## Description

Problem 1. Naive Bayes Text Classification (25 Points) Working with data can

often be messy and frustrating, especially when you are learning a language. The following

is designed to be an introduction to working with real world data. You will implement an

authorship attribution algorithm for the Federalist dataset using a Naive Bayes classifier. This dataset contains historically important papers written by two founding American

politicians (Hamilton and Madison), and your task will be to classify the author from the

text. The authorship of these papers has been a subject of interesting historical debate, so

this use of Naive Bayes is meaningful. Please note that the vast majority of the code has

been supplied for you (inline and in hw03.R); your code should only involve a few commands

per part, where a number of those commands will call the functions we supply.

a. Step 1 (5 points)

Download the Federalist Paper documents from the course website. Place them in

your working directory for R. First we must preprocess the data to 1) remove non-letter

characters, 2)remove stopwords, and 3)stem words. Stopwords are short functional words,

such as in, is, the. Stemming involves trimming inflected words to their stem, such as

reducing running to run.

##########################################

# This code uses tm to preprocess the papers into a format useful for NB

preprocess.directory = function(dirname){

# the directory must have all the relevant text files

ds = DirSource(dirname)

# Corpus will make a tm document corpus from this directory

fp = Corpus( ds )

# inspect to verify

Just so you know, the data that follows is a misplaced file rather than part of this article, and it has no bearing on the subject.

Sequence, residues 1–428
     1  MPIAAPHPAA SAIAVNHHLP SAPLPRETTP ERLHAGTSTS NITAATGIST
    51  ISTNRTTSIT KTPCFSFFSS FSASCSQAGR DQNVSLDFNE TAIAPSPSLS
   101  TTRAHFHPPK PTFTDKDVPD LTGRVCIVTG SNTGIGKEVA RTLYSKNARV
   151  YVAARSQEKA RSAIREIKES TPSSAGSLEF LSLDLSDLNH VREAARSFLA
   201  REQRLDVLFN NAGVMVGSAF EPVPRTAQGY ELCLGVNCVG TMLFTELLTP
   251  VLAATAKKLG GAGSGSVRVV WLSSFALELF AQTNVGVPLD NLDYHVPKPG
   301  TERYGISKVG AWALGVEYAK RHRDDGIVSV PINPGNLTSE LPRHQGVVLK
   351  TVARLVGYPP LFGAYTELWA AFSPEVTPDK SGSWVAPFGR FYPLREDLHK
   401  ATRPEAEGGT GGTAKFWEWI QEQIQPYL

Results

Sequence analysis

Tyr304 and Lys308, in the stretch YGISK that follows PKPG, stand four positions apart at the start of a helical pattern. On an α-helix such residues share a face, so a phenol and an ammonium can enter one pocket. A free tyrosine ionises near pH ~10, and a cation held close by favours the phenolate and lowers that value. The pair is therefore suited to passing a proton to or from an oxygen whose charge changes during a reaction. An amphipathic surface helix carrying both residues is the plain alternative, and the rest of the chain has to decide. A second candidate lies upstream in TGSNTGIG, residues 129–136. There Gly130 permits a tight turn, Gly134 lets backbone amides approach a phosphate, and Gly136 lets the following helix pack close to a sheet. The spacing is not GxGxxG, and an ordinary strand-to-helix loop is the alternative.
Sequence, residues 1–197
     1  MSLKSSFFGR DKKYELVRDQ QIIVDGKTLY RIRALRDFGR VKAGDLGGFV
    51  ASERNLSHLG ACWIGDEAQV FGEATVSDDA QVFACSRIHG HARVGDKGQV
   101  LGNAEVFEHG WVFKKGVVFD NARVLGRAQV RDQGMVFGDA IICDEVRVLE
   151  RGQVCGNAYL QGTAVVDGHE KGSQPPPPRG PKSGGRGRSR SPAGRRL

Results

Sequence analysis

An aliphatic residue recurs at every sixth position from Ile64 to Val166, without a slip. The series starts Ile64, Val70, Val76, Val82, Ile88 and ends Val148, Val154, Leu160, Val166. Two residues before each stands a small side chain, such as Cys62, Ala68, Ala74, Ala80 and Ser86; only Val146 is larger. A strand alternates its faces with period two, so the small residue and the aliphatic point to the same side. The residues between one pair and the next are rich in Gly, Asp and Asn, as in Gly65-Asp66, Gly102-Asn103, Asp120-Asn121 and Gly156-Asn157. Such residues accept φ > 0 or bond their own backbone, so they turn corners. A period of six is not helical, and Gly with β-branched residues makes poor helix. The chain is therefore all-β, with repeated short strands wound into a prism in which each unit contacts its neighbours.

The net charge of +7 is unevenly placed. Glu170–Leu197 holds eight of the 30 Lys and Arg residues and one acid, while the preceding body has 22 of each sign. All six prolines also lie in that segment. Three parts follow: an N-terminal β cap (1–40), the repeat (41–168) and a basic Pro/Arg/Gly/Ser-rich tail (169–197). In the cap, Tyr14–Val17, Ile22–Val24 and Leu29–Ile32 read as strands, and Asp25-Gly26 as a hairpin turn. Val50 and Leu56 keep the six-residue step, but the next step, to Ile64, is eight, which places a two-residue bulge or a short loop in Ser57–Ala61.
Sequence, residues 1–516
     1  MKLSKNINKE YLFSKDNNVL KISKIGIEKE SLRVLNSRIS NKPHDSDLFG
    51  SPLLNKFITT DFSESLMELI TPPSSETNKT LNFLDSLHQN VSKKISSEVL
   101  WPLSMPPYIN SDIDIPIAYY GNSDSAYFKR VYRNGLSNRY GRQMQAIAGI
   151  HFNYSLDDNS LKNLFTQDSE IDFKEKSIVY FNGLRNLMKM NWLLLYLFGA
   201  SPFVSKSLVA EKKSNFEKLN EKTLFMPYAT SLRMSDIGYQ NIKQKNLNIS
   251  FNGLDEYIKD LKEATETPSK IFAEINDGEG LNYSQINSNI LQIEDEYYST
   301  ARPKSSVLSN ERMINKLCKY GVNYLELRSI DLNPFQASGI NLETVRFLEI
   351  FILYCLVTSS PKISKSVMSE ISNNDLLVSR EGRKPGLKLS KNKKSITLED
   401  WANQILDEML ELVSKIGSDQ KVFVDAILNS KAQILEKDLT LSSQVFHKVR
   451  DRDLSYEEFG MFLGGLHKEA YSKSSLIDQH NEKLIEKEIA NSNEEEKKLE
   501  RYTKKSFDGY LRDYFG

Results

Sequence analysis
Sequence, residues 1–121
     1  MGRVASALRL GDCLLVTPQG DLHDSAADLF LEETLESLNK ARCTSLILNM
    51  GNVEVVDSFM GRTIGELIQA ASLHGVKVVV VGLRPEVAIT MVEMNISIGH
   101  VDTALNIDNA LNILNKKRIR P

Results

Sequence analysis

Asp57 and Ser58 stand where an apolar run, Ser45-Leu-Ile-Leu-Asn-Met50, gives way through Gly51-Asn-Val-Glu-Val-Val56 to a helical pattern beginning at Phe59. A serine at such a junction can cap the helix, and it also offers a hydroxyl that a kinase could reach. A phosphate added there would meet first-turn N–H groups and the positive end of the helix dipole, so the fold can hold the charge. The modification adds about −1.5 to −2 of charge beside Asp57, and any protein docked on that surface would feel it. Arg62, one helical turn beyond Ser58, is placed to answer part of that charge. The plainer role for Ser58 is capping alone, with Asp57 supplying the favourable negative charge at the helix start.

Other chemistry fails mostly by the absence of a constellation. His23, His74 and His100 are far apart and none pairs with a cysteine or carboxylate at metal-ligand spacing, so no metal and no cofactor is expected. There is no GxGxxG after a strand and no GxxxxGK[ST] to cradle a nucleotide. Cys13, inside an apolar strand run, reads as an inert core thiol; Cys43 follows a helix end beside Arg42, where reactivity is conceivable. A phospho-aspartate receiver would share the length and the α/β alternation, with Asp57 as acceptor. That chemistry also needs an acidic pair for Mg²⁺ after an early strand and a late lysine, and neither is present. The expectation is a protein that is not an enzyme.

# inspect(fp[1])

# another useful command

# identical(fp[[1]], fp[[“Federalist01.txt”]])

# now let us iterate through and clean this up using tm functionality

for (i in 1:length(fp)){

# make all words lower case

fp[i] = tm_map( fp[i] , tolower);

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# remove all punctuation

fp[i] = tm_map( fp[i] , removePunctuation);

# remove stopwords like the, a, and so on.

fp[i] = tm_map( fp[i], removeWords, stopwords(“english”));

# remove stems like suffixes

fp[i] = tm_map( fp[i], stemDocument)

# remove extra whitespace

fp[i] = tm_map( fp[i], stripWhitespace)

}

# now write the corpus out to the files for our future use.

# MAKE SURE THE _CLEAN DIRECTORY EXISTS

writeCorpus( fp , sprintf(’%s_clean’,dirname) )

}

##########################################

The above code creates a reusable function in R, which takes the input argument dirname.

Use functions when you need to repeatedly use a bit of code. In this case, we will be

reading in data from four different directories. Your task is to run this code on each

of the four directories: fp hamilton train, fp hamilton test, fp madison train,

fp madison test. Look at the files before (namely, in the original directory) and after (namely, in the ‘ clean’ directory) you have used the above function.

Your submitted code for problem 1 should, for part a, include this function with source(‘hw03.R’),

after which you should call the above function on each of the four directories. The code

should be very easy once you understand the above steps.

Please note that the above function uses the package tm, which has much of the functionality below. However, for instructive purposes, we will implement the remaining functions

manually. Be sure you install tm correctly.

b. Step 2 (5 points)

We are next going to use a function to load each of the Federalist Papers from their

corresponding directory into your workspace:

##########################################

# To read in data from the directories:

# Partially based on code from C. Shalizi

read.directory <- function(dirname) {
# Store the infiles in a list
infiles = list();
# Get a list of filenames in the directory
filenames = dir(dirname,full.names=TRUE);
for (i in 1:length(filenames)){
infiles[[i]] = scan(filenames[i],what="",quiet=TRUE);
}
return(infiles)
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}
##########################################
This code creates a list of input files, which here are each federalist paper, and which we
will refer to as infiles. Lists store objects with an ordering. In this case, the order is the